Giveaway-icon150x150.pngIn May, our Engage Community theme is Connected Community.  We know that in order to connect our students to communities that exist outside of their classrooms, schools, neighborhood and states, we must rely on digital media and digital tools to do that. We also know that there are certain age restrictions put on certain sites to protect our students.


For example, there are laws in place such as The Family Educational Rights and Privacy Act (FERPA)  which is a “federal law that protects the privacy of student education records. The law applies to all schools that receive funds under an applicable program of the U.S. Department of Education.” (US Dept of Ed)


There is also the Children’s Online Privacy Protection Rule (COPPA) which imposes certain “requirements on operators of websites or online services directed to children under 13 years of age, and on operators of other websites or online services that have actual knowledge that they are collecting personal information online from a child under 13 years of age.”  (FCC)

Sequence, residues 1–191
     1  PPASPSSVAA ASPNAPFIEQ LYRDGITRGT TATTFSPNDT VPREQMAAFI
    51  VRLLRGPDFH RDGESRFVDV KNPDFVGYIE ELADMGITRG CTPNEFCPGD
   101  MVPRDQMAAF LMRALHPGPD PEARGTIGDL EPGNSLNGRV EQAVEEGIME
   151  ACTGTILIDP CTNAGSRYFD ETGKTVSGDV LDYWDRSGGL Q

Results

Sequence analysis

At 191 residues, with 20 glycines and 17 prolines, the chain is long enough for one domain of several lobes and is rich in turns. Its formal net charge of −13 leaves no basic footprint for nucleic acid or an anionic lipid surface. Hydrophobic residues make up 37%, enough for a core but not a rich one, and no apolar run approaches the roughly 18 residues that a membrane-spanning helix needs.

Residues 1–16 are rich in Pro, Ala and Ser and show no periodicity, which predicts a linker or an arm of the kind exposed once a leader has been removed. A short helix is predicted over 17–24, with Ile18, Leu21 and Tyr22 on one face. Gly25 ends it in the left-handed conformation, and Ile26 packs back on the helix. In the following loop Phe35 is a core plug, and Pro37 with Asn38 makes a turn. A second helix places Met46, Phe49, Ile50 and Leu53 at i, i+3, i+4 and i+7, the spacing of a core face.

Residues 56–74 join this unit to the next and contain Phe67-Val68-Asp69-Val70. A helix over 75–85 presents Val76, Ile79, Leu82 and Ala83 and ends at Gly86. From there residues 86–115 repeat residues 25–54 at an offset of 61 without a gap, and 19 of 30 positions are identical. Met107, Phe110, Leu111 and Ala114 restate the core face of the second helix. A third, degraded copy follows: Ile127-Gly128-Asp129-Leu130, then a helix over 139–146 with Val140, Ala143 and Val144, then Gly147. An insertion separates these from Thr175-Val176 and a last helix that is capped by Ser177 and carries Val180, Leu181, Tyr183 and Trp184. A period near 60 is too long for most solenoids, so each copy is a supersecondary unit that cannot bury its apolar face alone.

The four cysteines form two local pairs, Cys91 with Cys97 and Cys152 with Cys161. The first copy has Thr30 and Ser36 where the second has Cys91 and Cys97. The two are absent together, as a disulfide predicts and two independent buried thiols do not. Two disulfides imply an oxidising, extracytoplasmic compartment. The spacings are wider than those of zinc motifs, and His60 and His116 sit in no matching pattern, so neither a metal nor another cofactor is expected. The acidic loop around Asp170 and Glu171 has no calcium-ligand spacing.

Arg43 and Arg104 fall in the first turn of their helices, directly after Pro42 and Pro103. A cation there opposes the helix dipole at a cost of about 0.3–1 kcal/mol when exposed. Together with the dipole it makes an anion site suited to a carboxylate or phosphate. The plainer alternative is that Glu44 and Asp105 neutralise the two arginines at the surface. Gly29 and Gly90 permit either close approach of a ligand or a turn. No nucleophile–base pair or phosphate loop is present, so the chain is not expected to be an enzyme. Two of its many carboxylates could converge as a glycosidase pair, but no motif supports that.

And of course, we cannot forget about The Children's Internet Protection Act (CIPA) which was created to address concerns about “children's access to obscene or harmful content over the Internet.” (FCC)


Stefanie H shared this great infographic about age requirements for students for certain web-based applications.  This post and infographic got me to think about the concept of compliance. When we choose different tools to connect to others or create and share projects with other students and teachers, are we checking to see if we are in compliance with all the laws, acts and regulations of a specific tool or application?  How do you check to make sure you are in compliance? What do you do to teach students to stay in compliance?


Participate in our Learning Pathways Thread between May 1, 2016 and July 1, 2016 to receive your Social Media Compliance Mission Badge worth 500 points.


Pathways150x150.pngAlso if you complete the below Mission, you will be entered into our monthly drawing!

 

Note: This drawing will become active when we receive 10 responses from 10 different members. Click here to see all the fine print.


The Learning Pathway Mission Badge Title is Connected Compliance: May 2016


You must complete all the actions related to this Month’s Mission to receive the Mission Badge.


  • Reply to this thread and include all of the below items in your first post.
    • Describe what you and others are doing to promote a safe learning environment for your students
      • Include the examples of resources on how you stay in compliance and how you teach your students to do the same.